Chemistry Student Reaches for International Rock Climbing Gold

Chemistry Student Reaches for International Rock Climbing Gold

University of Central Florida chemistry student Ashley Norton will represent the United States later this month at the International Federation of Sport Climbing’s World Youth Championships in Singapore.

This is the first time a UCF student has represented the nation at the competition being held in Singapore this year from Aug. 29-Sept. 1. She’ll be testing her skills against the best in the world in her favorite sport: rock climbing. It’s a sport that has gained such popularity worldwide that the Olympic committee is considering it for the 2020 games.

“I think Ashley and other climbers like her are the future of competitive collegiate climbing,” said Michael Roller, the UCF Climbing Club coach until June when he left to take a job in Chicago. “When the collegiate climbing series began four years ago, most of the climbers were relatively new to the sport, having only climbed for a few years.  But in the past couple years we have seen an influx of young climbers who have been climbing for a good portion of their lives, and Ashley falls into this new category.”

Norton, 19, can tell you precisely when she fell in love with climbing. She was at a friend’s house in Westland, Mich., when she decided to climb a tree. When her father came out to look for the 4-year-old, the other kids pointed up – some 50 feet. She had scrambled up a pine tree and she didn’t need any rescuing. She came down by herself.

“I think I gave my dad a mini-heart attack that day,” Norton said laughing. “But that was the start. Ever since I can remember, I just love to climb.”

That passion has led her to train and practice for years. She’s has competed at a local, regional and national level for the past 10 years. This year, Norton placed third nationally in speed climbing and 11th in overall sport. She’ll be competing in Singapore in speed climbing. The contest there is considered the top level of competition for young people up to age 19, so it’s also her last shot at this level.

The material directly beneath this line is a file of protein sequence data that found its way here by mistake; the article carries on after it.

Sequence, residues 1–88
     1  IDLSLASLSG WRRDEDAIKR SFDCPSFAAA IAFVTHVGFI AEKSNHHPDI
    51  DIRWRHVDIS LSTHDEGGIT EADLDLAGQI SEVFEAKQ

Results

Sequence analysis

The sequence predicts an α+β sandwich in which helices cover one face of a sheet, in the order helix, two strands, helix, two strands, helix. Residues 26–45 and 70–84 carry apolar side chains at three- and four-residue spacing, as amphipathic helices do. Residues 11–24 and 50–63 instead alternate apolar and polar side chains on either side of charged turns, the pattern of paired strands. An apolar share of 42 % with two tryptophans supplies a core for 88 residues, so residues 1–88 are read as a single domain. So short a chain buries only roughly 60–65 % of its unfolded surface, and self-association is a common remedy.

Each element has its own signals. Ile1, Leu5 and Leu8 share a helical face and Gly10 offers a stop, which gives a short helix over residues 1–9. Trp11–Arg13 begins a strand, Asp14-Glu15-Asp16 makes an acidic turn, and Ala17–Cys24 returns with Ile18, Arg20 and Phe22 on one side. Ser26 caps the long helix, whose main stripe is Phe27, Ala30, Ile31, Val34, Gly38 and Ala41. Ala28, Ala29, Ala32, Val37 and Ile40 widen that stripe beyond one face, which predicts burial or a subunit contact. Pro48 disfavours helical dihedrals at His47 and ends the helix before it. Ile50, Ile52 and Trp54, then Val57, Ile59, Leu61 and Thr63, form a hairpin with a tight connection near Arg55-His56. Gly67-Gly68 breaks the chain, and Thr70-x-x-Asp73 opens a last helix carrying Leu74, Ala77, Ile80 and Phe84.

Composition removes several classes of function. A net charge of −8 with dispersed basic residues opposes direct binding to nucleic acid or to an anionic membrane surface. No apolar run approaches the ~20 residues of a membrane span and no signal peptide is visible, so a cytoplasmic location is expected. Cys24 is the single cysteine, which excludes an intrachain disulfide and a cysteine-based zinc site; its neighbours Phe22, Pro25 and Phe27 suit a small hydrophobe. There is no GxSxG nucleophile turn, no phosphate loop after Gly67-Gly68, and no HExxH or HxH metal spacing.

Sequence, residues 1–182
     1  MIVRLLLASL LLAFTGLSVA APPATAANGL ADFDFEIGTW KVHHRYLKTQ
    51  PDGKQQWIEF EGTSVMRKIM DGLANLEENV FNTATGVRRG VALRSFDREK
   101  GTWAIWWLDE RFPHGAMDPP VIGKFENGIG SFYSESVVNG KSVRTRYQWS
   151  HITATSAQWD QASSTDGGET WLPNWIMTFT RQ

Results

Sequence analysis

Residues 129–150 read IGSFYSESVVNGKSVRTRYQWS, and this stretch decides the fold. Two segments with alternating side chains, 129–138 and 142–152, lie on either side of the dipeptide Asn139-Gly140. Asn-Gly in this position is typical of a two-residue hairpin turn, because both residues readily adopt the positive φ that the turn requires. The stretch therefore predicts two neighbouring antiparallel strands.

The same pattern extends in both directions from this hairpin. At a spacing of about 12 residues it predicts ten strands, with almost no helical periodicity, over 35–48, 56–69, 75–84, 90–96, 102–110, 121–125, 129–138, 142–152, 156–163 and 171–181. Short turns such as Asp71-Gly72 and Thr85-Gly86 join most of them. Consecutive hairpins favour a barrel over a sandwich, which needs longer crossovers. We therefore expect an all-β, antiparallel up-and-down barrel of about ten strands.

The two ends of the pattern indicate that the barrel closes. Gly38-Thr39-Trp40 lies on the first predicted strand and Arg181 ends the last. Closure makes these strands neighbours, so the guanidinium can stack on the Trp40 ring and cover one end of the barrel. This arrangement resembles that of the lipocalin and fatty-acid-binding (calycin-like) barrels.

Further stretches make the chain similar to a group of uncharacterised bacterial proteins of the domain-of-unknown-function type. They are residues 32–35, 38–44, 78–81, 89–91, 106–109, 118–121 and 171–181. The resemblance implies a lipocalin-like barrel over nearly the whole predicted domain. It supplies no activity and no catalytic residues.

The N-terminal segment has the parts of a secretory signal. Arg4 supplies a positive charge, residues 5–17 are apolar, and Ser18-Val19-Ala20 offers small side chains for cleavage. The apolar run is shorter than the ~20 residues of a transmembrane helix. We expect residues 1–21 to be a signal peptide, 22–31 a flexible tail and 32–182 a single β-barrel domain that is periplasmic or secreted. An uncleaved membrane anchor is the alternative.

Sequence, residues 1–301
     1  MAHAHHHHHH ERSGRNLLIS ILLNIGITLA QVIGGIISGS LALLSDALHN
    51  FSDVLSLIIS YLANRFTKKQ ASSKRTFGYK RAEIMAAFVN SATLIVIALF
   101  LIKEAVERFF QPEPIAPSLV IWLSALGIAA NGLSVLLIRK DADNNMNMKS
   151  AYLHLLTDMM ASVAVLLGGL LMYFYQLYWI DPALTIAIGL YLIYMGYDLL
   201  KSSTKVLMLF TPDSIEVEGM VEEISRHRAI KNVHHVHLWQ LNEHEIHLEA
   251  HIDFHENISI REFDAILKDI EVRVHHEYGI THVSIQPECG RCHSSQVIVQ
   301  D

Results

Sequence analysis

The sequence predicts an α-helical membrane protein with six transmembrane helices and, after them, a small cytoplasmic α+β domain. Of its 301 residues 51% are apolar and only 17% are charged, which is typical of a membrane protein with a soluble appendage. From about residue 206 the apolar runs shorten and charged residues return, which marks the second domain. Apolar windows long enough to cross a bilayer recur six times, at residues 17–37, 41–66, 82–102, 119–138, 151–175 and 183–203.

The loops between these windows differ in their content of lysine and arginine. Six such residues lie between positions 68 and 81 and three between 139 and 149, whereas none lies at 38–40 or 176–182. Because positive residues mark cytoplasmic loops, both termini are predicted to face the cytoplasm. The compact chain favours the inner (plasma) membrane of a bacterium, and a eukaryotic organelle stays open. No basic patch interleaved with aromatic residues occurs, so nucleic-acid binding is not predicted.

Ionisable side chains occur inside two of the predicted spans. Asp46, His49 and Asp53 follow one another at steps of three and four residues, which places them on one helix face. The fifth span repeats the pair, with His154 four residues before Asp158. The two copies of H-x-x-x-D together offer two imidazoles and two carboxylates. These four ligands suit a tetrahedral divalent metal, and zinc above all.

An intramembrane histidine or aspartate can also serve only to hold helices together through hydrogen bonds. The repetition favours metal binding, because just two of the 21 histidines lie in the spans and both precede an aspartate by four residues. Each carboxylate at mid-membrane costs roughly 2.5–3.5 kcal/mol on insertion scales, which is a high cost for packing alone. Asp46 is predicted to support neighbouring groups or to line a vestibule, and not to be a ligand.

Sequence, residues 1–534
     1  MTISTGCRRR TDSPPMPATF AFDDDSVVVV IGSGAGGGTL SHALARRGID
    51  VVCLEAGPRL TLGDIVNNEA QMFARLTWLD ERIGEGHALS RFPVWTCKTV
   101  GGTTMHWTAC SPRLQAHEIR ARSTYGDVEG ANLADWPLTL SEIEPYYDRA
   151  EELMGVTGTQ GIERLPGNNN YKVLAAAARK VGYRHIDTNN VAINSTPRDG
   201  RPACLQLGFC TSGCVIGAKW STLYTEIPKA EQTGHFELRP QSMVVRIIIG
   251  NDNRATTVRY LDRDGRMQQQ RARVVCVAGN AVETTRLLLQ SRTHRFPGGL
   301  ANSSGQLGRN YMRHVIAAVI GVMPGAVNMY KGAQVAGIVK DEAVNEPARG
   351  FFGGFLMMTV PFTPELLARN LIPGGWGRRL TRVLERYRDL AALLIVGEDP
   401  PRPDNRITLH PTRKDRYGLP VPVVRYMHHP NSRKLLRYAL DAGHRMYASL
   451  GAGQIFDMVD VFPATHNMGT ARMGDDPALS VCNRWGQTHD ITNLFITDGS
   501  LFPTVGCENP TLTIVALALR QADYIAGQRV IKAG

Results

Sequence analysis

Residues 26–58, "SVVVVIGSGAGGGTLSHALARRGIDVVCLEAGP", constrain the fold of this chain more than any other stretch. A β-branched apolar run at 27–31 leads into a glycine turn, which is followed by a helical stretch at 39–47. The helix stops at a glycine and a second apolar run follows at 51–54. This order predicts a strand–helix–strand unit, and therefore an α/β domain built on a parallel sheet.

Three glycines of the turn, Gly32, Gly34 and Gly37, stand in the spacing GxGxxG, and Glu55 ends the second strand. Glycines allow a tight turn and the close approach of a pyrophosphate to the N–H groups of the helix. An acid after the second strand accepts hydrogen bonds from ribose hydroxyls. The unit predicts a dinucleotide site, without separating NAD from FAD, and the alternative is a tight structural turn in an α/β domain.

She’s a little nervous, she admits, but said her team and her family are behind her.

“My team, they are great group of people,” she said. “They are so supportive and our coach was great. And my entire family . . . my dad, I just can’t say enough about them.”

Norton has been busy since she found out she qualified in late July for the competition, and has been using social media to raise money to pay for airfare and expenses. She spent two weeks training with fellow members of the U.S. Team in Atlanta and returned to Orlando just in time for the start of the semester at UCF.  She plans to speak to her professors before she leaves for Singapore to explain her absence just a little more than a week after classes begin.

The time to train is short, but she’s determined.

“I think one of Ashley’s greatest strengths going into the speed-climbing competition is her ability to train,” Roller said. “Ashley is very self-motivated. When she has a goal, I don’t think anyone pushes her harder than she pushes herself.”

Norton, who plans on becoming a pharmacist, says she still hasn’t quite wrapped her mind around the idea of representing her country.

“I’m so excited,” she said. “This is the top. This is what everyone strives for. I can’t wait. It’s such a thrill to be able to go and represent the United States. I’m so honored.”